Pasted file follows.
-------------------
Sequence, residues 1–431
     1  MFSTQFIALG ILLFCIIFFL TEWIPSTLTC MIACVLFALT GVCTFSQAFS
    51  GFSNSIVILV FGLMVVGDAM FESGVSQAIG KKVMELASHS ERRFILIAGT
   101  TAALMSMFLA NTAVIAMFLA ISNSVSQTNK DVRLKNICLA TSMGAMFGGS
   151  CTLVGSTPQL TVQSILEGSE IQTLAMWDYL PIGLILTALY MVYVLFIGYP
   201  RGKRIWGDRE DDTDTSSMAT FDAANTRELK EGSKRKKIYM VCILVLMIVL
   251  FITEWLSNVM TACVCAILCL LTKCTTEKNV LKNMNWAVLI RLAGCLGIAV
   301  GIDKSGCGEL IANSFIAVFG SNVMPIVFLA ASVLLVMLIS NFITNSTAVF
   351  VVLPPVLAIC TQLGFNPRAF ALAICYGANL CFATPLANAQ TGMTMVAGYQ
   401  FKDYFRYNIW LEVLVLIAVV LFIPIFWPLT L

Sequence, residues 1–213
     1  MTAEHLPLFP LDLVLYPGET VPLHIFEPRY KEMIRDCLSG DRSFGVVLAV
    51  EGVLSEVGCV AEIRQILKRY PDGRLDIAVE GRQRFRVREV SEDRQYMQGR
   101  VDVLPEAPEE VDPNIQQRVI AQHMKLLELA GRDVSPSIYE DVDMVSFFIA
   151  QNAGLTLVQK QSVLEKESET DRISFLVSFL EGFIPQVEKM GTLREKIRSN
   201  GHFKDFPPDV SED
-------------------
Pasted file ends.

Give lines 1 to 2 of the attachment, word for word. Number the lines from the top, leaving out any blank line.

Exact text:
Sequence, residues 1–431
     1  MFSTQFIALG ILLFCIIFFL TEWIPSTLTC MIACVLFALT GVCTFSQAFS